Biophilia – Björk

Björk’s app album Biophilia is pretty well the coolest thing I’ve come across in ages. I downloaded the app this afternoon, and promptly lost myself exploring music and music-making, games and visuals. Have a listen to David Attenborough’s introduction to the app/album below:

This is everything that an app should be. It just spills over with creativity, and invites participation and creativity from its users in kind. Through experiments with science, and essays enclosed within, the app promotes learning too. Mind you, if this is the start of a new wave of creativity in apps then museums and other institutions who pride themselves on making knowledge and education accessible could be left fighting for relevancy. Or maybe we should just be looking for awesome and creative new partnerships to explore.

Museums in Melbourne and Newcastle, and the cultural making of community

During the last week, I’ve been visiting family in Melbourne, which provided a great excuse to go and check out the Melbourne Museum. Although I’d been to Melbourne before, I’d never had the chance to visit the museum, and so I seized upon the chance to lunch with Tim Hart and get a tour of the building and the current exhibitions with him.

It was great. Getting ‘backstage’ at different institutions is still thrilling to me, and it was super-exciting to get insight into the cool work that happens at the Melbourne Museum. There were some simple architectural features – like walls of a certain colour which indicate that collection items are stored within – that ensured the building was not only attractive, it was also functional (I love good planning).

The museum displays concentrate on both local (Melbourne and Victorian) stories, as well as more universal stories, and I really enjoyed the diversity of exhibits. Unfortunately due to a minor family emergency, I had to cut my visit slightly shorter than intended, but I can not wait to get back to Melbourne to explore the museum again. And that’s always a great sign of success for a museum… that a visitor not only enjoyed their time there, but actively wants to get back and spend more time.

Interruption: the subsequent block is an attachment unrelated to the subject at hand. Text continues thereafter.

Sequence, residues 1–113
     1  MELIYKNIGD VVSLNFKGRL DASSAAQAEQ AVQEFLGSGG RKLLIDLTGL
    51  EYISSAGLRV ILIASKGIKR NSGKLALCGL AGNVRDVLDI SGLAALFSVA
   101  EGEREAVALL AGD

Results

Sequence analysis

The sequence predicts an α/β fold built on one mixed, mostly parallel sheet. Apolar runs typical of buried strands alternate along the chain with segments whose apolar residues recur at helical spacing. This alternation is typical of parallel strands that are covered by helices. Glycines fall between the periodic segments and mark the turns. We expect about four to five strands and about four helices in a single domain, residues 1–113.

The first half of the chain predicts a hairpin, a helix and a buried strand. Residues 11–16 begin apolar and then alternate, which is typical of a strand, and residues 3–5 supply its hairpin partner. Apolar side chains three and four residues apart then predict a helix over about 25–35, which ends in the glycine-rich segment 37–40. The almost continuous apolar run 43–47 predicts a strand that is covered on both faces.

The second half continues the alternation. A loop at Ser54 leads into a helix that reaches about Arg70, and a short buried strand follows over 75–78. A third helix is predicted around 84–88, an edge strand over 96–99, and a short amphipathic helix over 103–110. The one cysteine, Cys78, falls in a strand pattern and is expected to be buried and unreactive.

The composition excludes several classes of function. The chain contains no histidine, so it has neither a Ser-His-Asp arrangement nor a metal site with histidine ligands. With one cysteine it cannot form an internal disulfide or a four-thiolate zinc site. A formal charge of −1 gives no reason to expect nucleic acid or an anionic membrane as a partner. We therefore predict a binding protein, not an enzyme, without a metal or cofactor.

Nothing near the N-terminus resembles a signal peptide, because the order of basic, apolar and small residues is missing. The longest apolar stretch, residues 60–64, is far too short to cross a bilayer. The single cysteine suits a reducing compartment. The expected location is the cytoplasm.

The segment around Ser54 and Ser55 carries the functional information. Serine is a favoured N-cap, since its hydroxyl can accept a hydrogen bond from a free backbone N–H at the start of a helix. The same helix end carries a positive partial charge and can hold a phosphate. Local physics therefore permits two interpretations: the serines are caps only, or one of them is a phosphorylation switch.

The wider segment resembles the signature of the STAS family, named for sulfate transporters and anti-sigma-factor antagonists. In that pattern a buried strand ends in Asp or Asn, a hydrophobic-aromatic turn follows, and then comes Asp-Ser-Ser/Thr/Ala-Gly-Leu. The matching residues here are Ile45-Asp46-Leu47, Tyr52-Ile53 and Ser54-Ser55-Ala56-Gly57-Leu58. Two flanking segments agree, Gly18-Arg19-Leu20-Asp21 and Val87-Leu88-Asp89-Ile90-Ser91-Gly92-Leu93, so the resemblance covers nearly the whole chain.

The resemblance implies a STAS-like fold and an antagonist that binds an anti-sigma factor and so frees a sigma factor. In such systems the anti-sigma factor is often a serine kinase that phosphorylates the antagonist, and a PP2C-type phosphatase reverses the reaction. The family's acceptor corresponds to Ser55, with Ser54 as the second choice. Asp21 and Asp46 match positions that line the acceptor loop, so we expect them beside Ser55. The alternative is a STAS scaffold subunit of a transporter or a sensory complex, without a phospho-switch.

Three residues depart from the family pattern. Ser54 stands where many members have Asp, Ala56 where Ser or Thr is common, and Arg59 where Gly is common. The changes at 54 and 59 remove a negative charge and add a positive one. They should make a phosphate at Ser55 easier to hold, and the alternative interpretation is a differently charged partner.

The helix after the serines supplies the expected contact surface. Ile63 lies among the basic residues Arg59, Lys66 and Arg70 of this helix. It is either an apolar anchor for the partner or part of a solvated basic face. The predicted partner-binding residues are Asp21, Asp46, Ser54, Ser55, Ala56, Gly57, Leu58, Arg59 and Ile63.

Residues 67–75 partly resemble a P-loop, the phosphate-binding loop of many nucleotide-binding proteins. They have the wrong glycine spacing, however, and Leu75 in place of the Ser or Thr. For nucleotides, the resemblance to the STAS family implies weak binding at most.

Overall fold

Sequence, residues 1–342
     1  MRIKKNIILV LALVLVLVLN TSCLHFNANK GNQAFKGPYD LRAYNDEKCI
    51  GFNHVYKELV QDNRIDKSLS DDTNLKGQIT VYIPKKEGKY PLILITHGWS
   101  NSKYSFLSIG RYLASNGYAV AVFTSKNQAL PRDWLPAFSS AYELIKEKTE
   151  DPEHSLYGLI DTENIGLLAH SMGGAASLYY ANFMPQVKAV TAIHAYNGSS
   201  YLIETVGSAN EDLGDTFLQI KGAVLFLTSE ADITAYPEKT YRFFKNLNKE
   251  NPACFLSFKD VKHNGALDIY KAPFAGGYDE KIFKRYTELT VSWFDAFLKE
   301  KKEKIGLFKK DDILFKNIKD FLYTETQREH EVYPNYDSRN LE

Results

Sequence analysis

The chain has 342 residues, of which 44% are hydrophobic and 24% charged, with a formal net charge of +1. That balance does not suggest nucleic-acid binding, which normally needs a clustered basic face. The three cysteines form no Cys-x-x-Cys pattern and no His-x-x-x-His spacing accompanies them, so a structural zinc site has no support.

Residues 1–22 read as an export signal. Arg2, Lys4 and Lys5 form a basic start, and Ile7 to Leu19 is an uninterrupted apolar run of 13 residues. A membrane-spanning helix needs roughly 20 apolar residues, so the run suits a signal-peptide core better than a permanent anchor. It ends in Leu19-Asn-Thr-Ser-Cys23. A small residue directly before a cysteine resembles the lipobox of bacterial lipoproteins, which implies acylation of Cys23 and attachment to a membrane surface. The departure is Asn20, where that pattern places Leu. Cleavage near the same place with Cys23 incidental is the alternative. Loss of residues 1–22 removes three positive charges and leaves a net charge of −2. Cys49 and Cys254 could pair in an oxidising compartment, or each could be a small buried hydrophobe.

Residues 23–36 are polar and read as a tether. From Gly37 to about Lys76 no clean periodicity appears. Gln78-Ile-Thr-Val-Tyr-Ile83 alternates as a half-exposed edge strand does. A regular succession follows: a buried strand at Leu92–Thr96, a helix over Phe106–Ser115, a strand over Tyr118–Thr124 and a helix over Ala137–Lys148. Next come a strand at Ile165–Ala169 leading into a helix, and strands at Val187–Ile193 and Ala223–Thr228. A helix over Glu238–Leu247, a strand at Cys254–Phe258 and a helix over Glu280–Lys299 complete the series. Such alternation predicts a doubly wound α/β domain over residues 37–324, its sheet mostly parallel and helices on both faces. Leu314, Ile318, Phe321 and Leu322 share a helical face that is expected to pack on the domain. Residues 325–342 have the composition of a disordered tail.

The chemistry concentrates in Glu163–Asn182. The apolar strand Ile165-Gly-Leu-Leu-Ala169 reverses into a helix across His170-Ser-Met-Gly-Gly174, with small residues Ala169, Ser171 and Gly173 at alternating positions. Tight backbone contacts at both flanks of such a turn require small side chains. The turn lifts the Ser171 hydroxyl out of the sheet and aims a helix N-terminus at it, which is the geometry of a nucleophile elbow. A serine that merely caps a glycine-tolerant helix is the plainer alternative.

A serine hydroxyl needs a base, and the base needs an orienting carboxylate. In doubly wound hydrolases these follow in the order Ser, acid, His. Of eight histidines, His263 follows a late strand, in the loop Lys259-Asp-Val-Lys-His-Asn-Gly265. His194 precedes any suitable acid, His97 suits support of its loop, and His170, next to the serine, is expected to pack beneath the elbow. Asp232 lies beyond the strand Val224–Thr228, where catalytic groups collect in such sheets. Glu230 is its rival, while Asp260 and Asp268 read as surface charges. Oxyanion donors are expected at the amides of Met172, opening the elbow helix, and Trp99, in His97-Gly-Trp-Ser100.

In the mean time, good news for my own art gallery hit the local papers last week as well, when the Federal Minister for the Arts, Simon Crean, announced that the Federal Government will contribute $7 million to the redevelopment of Newcastle Art Gallery. This has been a long-planned for redevelopment, and federal support will no doubt bring the redevelopment forward significantly (I think stage one should start really quickly). Phase one will include increased gallery exhibition spaces and storage, as well as a cafe and retail outlet. It’s very exciting news, particularly given the new life that has been given to the Newcastle Museum by its recent overhaul.

It’s a really interesting time for culture in Newcastle right now. Just over ten years ago, the BHP Steelworks in Newcastle closed down, which really impacted our city. Until then, Newcastle had primarily envisioned itself as an industrial town, and after that time, there was a real sense of depression around the region. However, in the years since, the city has slowly been remaking itself, and interesting initiatives like Renew Newcastle and festivals like TINA (This Is Not Art) have played a part in creating a very strong grassroots cultural industry. It’s credited with being one of the reasons that my hometown was named (maybe surprisingly) as one of Lonely Planet’s Top Ten Cities for 2010.